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A combination of liver fluke infection and traditional northeastern Thai foods associated with cholangiocarcinoma development
- Sriraj, Pranee, Boonmars, Thidarut, Aukkanimart, Ratchadawan, Songsri, Jiraporn, Sripan, Panupan, Ratanasuwan, Panaratana, Boonjaraspinyo, Sirintip, Wongchalee, Nadchanan, Laummaunwai, Porntip
- Parasitology research 2016 v.115 no.10 pp. 3843-3852
- Mesocricetus auratus, Opisthorchis viverrini, beef, bile ducts, eating habits, fermented foods, fibrosis, food consumption, food groups, hamsters, histopathology, immunohistochemistry, liver, liver flukes, liver function, opisthorchiasis, proliferating cell nuclear antigen, raw fish, renal function, risk factors, staining, traditional foods, vegetables, virulence, Thailand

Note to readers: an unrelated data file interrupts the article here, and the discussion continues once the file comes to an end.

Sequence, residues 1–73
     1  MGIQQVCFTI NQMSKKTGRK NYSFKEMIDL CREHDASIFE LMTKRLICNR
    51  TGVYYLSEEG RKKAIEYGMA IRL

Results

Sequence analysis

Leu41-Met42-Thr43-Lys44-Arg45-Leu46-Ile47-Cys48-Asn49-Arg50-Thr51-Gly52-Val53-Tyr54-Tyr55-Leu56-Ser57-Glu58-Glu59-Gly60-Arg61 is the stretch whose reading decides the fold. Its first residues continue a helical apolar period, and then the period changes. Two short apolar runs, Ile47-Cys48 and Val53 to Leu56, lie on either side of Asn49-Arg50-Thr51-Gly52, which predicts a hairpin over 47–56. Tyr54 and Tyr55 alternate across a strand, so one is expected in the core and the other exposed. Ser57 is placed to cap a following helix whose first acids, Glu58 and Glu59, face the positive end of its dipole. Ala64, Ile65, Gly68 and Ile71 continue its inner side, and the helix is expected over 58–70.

- Opisthorchis viverrini infection is one of the risk factors for cholangiocarcinoma (CCA) in northeast Thailand, a region with one of the highest reported incidence rates of CCA. The traditional practice of eating raw fish, repeated exposure to liver flukes, and consumption of nitrosamine-contaminated food are major risk factors for CCA. So far, there have been no reports about which northeastern traditional dishes may be involved in CCA development. The present study, thus, investigated the effects of traditional foods. It focused specifically on the consumption of fermented foods in combination with O. viverrini infection in hamsters. Syrian hamsters were divided into six groups: (i) normal hamsters, (ii) O. viverrini infection only and (iii)–(vi) O. viverrini infection plus fermented foods (pla som—fish fermented for 1 day), som wua—fermented beef, som phag—fermented vegetables, and pla ra—fish fermented for 6 months. Syrian hamster livers were used for analysis of histopathological changes through hematoxylin and eosin; Sirius Red; and immunohistostaining for cytokeratin-19, proliferating cell nuclear antigen, and CA19-9. Hamster sera were used for liver and kidney function tests. Results of all O. viverrini-infected groups and fermented food groups showed that histopathological changes consisted primarily of aggregations of inflammatory cells surrounding the hepatic bile duct, especially at the hilar region. However, there was a difference in virulence. Interestingly, aggregations of inflammatory cells, new bile duct formation, and fibrosis were observed in subcapsular hepatic tissue, which correlated to positive immunohistochemical staining and increased liver function test. The present study suggests that fermented food consumption can exacerbate cholangitis and cholangiofibrosis, which are risk factors for cholangiocarcinoma-associated opisthorchiasis.